In some cases, this deep Qi and Blood deficiency may have a chronic cause, such as long-term overwork that gradually consumes and depletes the Source Qi (Yuán Qì 元氣). In this case, the weak Source Qi is unable to generate Blood. This chronic depletion also leads to floating Yang in the form of Qi or Blood deficient heat. The patient may get a warm sensation in the muscles or a red face, analogous to a fever. This is all from deficiency and because of the ensuing deficient heat, the patient may have thirst (probably more for warm drinks) and they may be irritable. These are signs of Qi or Blood deficient Heat from floating Yang. Because there is not a craving for cold drinks, it is confirmed that true Heat is not the cause of the thirst.

Mixed Picture

Sometimes the patient is suffering from a combination of draining circumstances. A runner might have depleted his deeper energies from long term training. Then the sudden overexertion of the race taxes their resources, similar to delivering a baby after a nine-month pregnancy. The patient might get warm muscles or feel hot like a car overheating after being driven very fast on a long trip. In this case, the underlying cause of this great depletion could be both acute and chronic combined.

In all three situations, the Qi is so weak and deficient that it can't make new Blood to nourish the body. And the intense deficiency is coupled with either Qi or Blood deficient Heat.

Tongue and Pulse

In these Qi and Blood deficient cases the tongue is pale. The pulse is large and flooding, but underneath it's deficient. The flooding component is the floating Yang. The key is that it feels forceless when it's pressed hard, which shows the true state of the body.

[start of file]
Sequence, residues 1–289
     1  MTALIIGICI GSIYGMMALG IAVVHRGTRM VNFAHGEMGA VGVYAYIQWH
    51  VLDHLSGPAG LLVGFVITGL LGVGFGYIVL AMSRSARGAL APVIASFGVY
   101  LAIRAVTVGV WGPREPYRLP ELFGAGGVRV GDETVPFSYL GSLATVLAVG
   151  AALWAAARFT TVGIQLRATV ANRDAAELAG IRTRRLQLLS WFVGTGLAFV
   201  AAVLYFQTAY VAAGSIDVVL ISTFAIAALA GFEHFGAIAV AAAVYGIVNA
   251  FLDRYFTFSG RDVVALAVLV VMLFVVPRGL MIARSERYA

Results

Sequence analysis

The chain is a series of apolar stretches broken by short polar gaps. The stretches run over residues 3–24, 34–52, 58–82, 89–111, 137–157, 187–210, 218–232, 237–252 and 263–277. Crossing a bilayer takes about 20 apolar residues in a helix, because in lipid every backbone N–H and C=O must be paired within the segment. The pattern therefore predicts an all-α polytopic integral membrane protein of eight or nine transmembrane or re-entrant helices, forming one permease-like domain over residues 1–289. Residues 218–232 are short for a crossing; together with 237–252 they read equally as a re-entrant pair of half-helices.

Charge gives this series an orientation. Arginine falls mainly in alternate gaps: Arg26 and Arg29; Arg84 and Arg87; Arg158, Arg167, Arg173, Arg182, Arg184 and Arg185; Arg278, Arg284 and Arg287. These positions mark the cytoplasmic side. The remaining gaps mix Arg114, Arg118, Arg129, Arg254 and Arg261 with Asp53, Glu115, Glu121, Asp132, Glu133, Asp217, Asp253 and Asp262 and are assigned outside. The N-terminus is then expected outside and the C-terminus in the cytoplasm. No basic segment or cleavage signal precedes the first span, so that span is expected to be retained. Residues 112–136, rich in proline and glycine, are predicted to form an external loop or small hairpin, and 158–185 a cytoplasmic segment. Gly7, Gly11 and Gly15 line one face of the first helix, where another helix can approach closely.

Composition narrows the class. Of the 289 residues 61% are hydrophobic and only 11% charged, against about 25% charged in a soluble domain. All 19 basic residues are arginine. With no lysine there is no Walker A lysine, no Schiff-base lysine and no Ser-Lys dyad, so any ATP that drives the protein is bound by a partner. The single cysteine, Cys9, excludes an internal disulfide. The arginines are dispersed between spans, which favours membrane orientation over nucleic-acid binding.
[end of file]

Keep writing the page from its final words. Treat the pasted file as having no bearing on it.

A Word on Dosage

The key to using this formula is the dosing. It has a huge dose of Huáng qí and just a small dose of Dāng guī. The dose of Huáng qí ends up being five times that of Dāng guī, so you would use 30 grams of Huáng qí for just 6 grams of Dāng guī. That's what makes the formula work the way it does.

This strongly tonifies the Qi of the earth element, so that it can generate new Blood and help the healing process. It may be a simple formula with only two herbs, but it goes deep and really gets right to the source. If you don’t want to use the formula, but just want to use the Duì Yào herb pair, perhaps added to another formula, you can change the dosing of the individual herbs accordingly. And the dosage of Huáng qí can be reduced considerably if the formula is used to treat Blood deficiency without floating Yang.

In Summary

Dāng Guī Bŭ Xuè Tāng is a deceptively simple formula. It contains only two herbs, but yields huge results. Use this classic Duì Yào herbal pairing for the most serious cases to revive a patient who appears to be past the point of exhaustion. Sometimes the simplest, most elegant, formula works best.

Looking at specific Duì Yào herbal pairs that have become traditional formulas helps us to see what our ancient teachers were thinking and helps us grasp the intricacies of both single herbs and formulas.


  • Formulas & Strategies, compiled, translated by Dan Bensky & Randall Barolet
  • Chinese Herbal Formulas and Applications, Chen, J. and T. Chen, 2009
  • Duì Yào: The Art of Combining Chinese Medicinals, by Philippe Sionneau, Blue Poppy Press 1997

About the Author

Lana Farson

Dr. Lana Farson, DACM, MSTCM, L.Ac. began studying Chinese medicine in 1991. She has extensively studied classical herbal medicine under the tutelage of Dr. Huang Huang of Nanjing University of Chinese Medicine, China. For the past 20 years, Professor Farson has taught in both the Masters and Doctoral Programs for several of the acupuncture and Chinese medicine schools in the Bay Area, and has presented at various conferences and hospitals. She has a private medical practice in Lafayette, CA with experience treating a wide variety of conditions since 2000. Dr. Farson prescribes custom herbal formulas and practices acupuncture, guasha, cupping and other modalities to encourage the body’s natural healing mechanisms to thrive.